Thanks to Angry Asian Man, my husband and I downloaded and watched "Princess of Nebraska" co-directed by Wayne Wang and Richard Wong the other night. It completely resonated with us. We didn't even have to say one word -- the young Chinese woman from Beijing/Nebraska lost and texting in California (is it SF? LA?), her world caught within a cell phone screen -- and she, trapped by circumstances. One night of sex with an attractive friend happened to her; he didn't want to wear a condom happened to her; pregnancy happened to her; four weeks passing with indecision of what to do about the pregnancy happened to her and meanwhile, HER life is happening to her friends and acquaintances -- a network of friends and chance meetings happening to one another.
Then the perfect ending after she leaves the abortion clinic -- we don't know her decision, I guess -- which closes with this endless shot of her standing, back turned, face in a profile (looking back, perhaps?) against a grey wall. We watched without a word as the minutes ticked by and the music came to a close. As the credits rolled, I broke the silence, "And there she waits for someone to rescue her."
My husband barked a loud laugh. And then the two of us broke into hysterical laughter. You see, we parented a few children. Two intensely and too recent to forget. And one, who is now a young grandmother. When she complained about her first daughter's teen behavior to us, her family and I laughed, without a lot of compassion, and said, "OOOOOOOOO payback." Her grandson is just born to that first daughter, and he's a toughy. Grandma, of course, bought him a little tee saying "I'm payback."
As for our other two young ones, our daughter and a close niece whom we raised from 10 - 13 years old and again when she moved in when she was 24, our experience is that if Princess has the baby, the baby will probably rescue her from ennui and life happening to her. Carrying a baby through pregnancy and having no control over her body as baby grows and grows and kicks, and tumbles inside her body, the surge of motherly hormones, not being able to escape the swelling body, not being able to run away from feeding and caring for this little being because baby's going to take all it needs to grow, -- well, princesses finally have to face front and take steps.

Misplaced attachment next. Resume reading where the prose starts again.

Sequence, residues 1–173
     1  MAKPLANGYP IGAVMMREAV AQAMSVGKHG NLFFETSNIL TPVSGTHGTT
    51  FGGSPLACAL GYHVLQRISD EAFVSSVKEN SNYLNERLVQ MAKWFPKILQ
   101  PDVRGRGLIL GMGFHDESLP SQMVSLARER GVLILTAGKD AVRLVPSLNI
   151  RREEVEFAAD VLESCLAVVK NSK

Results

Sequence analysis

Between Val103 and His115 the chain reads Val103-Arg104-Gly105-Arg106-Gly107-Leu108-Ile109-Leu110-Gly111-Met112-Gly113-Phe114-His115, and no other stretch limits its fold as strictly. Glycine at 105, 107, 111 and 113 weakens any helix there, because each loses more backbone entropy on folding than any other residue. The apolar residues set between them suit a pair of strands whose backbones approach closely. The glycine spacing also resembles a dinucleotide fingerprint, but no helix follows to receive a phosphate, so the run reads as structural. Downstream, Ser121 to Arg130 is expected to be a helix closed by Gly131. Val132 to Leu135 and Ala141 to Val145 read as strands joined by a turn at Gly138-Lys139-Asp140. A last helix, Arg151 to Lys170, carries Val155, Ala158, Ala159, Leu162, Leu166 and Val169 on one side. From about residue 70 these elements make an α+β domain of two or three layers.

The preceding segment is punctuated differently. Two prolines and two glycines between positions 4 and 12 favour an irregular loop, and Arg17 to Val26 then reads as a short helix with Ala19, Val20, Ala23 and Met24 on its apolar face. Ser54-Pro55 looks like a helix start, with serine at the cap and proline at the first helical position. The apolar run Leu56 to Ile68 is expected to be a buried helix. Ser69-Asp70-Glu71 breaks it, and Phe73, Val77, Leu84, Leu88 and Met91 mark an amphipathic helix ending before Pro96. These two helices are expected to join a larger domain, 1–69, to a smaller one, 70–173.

So if the Princess of Nebraska's mother doesn't kill her (she won't), or if the middle aged white guy with the crush on the talented lost beautiful Chinese man they would both like to bed (a Peking opera hopeful turned prostitute who is never going to answer her texts) gives her a roof over her head and fantasizes some more of the three of them raising the child only to be disappointed, princess will be rescued for the time being.
Do you sense a generation gap? Whatever, it was great directing. The princess may be lost but likeable. Real rescue material. Too much of life shot within little squares from the point of view of cell phone screens, and mirrors to not be deliberate. And that end shot. Did Wayne Wang and Richard Wong nail it? Or was it meant to be less reality more art. It doesn't matter because it works for us all -- dreamers, counselor types and parents who have been through the rollercoaster ride.
No sarcasm is meant by my critique because I wish the Princess of Nebraska well in spite of my being part of a generation who might have said "Off with their heads" toward royalty. And now, there's a princess in every home including ours. I love our Princess of southern Oregon and our Princess from Pusan City as well as our grown up Princess of Navaho Nation. I love each of their beautiful babies and say to myself, each baby rescued mommy when no one else could. And I'm very proud of each of our princesses for the courage to make their own solitary life transforming decision and see it through.
That's how our stories played out even if happy endings are not guaranteed. As for Princesses of Nebraska for whom reality is just too much to deal with, eventually, she may become real (ala Pinnochio). And that is not such a sad ending to a story.
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